The key to Bonobos’ email marketing strategy

March 19, 2015 12:44 PM

Bonobos collects a lot of data—both about its products and its customers.

But for years it didn’t have a good system to use that data. In fact, until a couple years ago, it organized its product data in Excel spreadsheets. The process wasn’t pretty but, for the most part, it seemed “good enough,” says David Glueck, the retailer’s senior director of data science and engineering.

But shortly after Bonobos hired Glueck a little more than two years ago, the data science executive became convinced the retailer’s approach to data was stunting its growth. “We couldn’t fit our whole business in a spreadsheet,” he says. “It was limiting the questions we could ask.”

In other words, Bonobos didn’t know what it didn’t know because it lacked the power to leverage the data it housed. The retailer’s buyers could not figure out, for example, the number of pants sold in each color and size to determine how many to order the following year. Nor could the retailer piece together the information it knew about its customers, which meant, for example, that its customer service agents couldn’t connect a shopper tweeting about the brand with his past purchases.

“On a small scale those types of limitations may not have been a big deal,” Glueck says. “But as we got bigger there were real opportunities that we were missing out on.”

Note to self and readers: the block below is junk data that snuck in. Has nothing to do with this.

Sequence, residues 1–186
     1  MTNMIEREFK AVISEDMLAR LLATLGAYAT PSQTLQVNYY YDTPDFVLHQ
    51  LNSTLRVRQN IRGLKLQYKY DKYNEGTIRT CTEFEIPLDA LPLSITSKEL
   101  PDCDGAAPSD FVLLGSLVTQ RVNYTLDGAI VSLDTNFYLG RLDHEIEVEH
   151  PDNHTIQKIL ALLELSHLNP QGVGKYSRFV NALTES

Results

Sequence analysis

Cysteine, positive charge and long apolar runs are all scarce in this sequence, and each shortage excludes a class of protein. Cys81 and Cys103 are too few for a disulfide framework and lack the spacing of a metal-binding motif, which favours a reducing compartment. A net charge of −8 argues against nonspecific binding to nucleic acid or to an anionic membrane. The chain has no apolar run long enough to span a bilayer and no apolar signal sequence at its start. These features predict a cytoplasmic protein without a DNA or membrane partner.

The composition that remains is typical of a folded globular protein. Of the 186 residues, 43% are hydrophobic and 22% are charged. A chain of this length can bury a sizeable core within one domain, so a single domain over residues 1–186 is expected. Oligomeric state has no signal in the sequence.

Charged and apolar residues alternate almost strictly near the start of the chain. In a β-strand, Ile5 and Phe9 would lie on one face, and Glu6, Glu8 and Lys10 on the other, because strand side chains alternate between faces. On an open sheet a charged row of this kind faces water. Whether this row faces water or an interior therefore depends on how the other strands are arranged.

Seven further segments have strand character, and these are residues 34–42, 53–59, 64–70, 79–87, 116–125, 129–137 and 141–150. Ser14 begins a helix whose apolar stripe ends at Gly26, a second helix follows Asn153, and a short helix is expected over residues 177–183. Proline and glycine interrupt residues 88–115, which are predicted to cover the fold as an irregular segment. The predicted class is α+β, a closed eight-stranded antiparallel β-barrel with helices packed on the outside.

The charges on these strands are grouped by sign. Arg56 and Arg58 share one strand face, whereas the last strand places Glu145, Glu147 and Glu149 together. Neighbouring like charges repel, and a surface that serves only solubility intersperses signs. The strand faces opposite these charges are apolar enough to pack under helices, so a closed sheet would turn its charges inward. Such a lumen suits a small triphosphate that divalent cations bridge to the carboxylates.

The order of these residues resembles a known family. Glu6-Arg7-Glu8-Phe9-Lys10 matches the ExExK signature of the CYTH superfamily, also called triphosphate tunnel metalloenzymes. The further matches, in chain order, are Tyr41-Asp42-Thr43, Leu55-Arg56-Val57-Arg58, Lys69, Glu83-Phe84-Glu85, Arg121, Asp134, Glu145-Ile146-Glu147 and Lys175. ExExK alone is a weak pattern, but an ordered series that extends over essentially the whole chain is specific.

The retailer needed a way to ensure that it maintained consistent, easily shareable data across its various systems that relate to products, such as sales, vendor tracking and logistics. At the same time, it wanted a way to develop a more complete, uniform picture of its customers that would include the various ways it interacts with its customers, such as via marketing emails, catalogs, and calls with customer service agents and social media posts.

Bonobos, No. 282 in the Internet Retailer 2014 Top 500 Guide, addressed those problems by putting in place a master data management system from GoodData. The system collects the most important pieces of product and customer data available from Bonobos’ various divisions and cleanses those data points to ensure that all the information it collects is in the same order and format. The system took six months to put in place and maintaining the data contained in it is a constant project that Glueck oversees. Despite the large expense—Glueck declined to say the exact amount the GoodData system cost—and time investment, the system has paid for itself, he says. For example, by examining demographic data on consumer spending Bonobos has been able to determine where and when to open new stores.

The system also includes modeling tools that help the retailer make sense of the data. For example, Bonobos uses its MDM system to create an algorithm that examines the products a customer has bought, which it links to products customers similar to them have bought, as well as the customer’s lifetime value to ensure that its marketing emails are sent to consumers most likely to click and buy. Tests have shown those targeted messages have a return roughly four times greater than those sent to random groups of customers, Glueck says.

Read more about how retailers are using master data management systems in the upcoming April issue of Internet Retailer magazine.




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